I’ve been involved with the LinkedIn social network for a long time, along with quite a few other networks, and have been pleased to see how it’s evolved into a terrific professional networking environment, while the other social networks I’m in have devolved into MLM hunting environments (Ryze) or non-professional, personal dating and socializing networks (Orkut).
The latest wrinkle on LinkedIn that I’m just learning about is that some savvy members with > 1000 connections realized that the tools LinkedIn offers to mine your network are insufficient, and they’re building separate, but related, mailing lists and discussion forums for LinkedIn users.
This is impressive because one sign of a healthy and thriving community is when it spawns innovation in its user community. Think “eBay”, for a beautiful example of this phenomenon. (I know, because my second startup, iTrack, was a company riding the coattails of eBay until we sold it and it was morphed into a completely different service)
The LinkedIn Power Forum, known more formally as My LinkedIn Power Forum or “MLPF”, was inspired by a quote from business guru, brilliant public speaker and networking genius Tony Robbins, who stated quite bluntly that Communication is Power.
The purpose of MLPF is to give you the tools to build your own network faster and more efficiently, and you can learn about it more at its home page on Yahoo Groups: My LinkedIn Power Forum.
While I’m delighted at the enthusiasm of the LinkedIn community in creating the My LinkedIn Power Forum, I find it fascinating to observe the evolution of the connection concept from “link to current and former colleagues” to “link to anyone who can help you identify useful or interesting fellow LinkedIn members.” In some sense, the entire premise of the MLPF flies in the face of my personal philosophy of linking: I only link to people I’ve met, at least electronically.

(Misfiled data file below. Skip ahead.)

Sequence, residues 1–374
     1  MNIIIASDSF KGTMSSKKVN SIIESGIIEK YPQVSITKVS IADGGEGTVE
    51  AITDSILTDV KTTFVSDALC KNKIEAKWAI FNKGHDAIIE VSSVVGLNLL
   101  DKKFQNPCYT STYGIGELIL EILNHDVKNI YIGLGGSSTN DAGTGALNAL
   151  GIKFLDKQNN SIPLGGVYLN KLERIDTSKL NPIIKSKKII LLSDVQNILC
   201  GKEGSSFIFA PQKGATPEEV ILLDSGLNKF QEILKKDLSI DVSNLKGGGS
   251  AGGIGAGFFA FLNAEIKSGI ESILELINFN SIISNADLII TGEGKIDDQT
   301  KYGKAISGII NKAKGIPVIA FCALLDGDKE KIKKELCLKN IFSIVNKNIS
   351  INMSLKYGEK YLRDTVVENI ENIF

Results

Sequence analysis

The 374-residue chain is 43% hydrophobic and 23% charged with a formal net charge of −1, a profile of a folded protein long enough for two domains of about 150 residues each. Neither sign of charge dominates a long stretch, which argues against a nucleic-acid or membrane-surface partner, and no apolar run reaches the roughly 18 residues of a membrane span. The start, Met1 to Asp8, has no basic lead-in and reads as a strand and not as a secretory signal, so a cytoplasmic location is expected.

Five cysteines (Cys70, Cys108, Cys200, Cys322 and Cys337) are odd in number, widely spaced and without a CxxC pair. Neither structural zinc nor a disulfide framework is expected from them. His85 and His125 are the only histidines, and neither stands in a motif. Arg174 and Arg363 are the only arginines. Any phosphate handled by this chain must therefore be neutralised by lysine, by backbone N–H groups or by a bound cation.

And yet, by being on LinkedIn, I have received cold queries for consulting jobs, and I recently had a client forwarded to me from a chap on the East Coast who didn’t have the right talent set. A startling and quite intriguing development.
On the other hand, more specific LinkedIn networks are also spawning their own communities, and those seem to make more sense to me. LinkedIn Bloggers is a fun intersection of two interests of my own, and so far has been a pleasant discussion of how blogging can help people network and promote themselves, both within the LinkedIn environment and throughout the Internet.
In fact, Yahoo Groups alone have 76 LinkedIn discussion groups. See for yourself: LinkedIn Groups at Yahoo Groups. From medical executives to members of the legal profession, IT to corporate execs, there’s an entirely new parallel channel springing up from the fertile seed of LinkedIn.
What do you think of these developments? Are you a member of LinkedIn and how have you found it professionally?